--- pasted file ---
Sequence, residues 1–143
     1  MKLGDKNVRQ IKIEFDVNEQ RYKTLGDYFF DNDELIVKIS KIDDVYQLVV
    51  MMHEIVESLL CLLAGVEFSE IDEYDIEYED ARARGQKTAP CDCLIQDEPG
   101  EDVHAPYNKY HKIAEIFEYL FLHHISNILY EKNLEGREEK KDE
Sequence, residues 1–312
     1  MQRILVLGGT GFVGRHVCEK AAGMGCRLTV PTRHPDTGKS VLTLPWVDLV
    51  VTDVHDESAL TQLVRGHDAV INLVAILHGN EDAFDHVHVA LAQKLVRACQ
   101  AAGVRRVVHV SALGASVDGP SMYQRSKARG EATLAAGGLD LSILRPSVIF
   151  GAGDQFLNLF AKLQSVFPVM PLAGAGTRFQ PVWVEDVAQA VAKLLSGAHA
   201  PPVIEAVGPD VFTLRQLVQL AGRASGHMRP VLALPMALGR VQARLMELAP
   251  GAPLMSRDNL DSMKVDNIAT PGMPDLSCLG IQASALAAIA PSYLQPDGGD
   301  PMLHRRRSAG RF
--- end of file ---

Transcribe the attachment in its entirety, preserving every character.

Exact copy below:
Sequence, residues 1–143
     1  MKLGDKNVRQ IKIEFDVNEQ RYKTLGDYFF DNDELIVKIS KIDDVYQLVV
    51  MMHEIVESLL CLLAGVEFSE IDEYDIEYED ARARGQKTAP CDCLIQDEPG
   101  EDVHAPYNKY HKIAEIFEYL FLHHISNILY EKNLEGREEK KDE
Sequence, residues 1–312
     1  MQRILVLGGT GFVGRHVCEK AAGMGCRLTV PTRHPDTGKS VLTLPWVDLV
    51  VTDVHDESAL TQLVRGHDAV INLVAILHGN EDAFDHVHVA LAQKLVRACQ
   101  AAGVRRVVHV SALGASVDGP SMYQRSKARG EATLAAGGLD LSILRPSVIF
   151  GAGDQFLNLF AKLQSVFPVM PLAGAGTRFQ PVWVEDVAQA VAKLLSGAHA
   201  PPVIEAVGPD VFTLRQLVQL AGRASGHMRP VLALPMALGR VQARLMELAP
   251  GAPLMSRDNL DSMKVDNIAT PGMPDLSCLG IQASALAAIA PSYLQPDGGD
   301  PMLHRRRSAG RF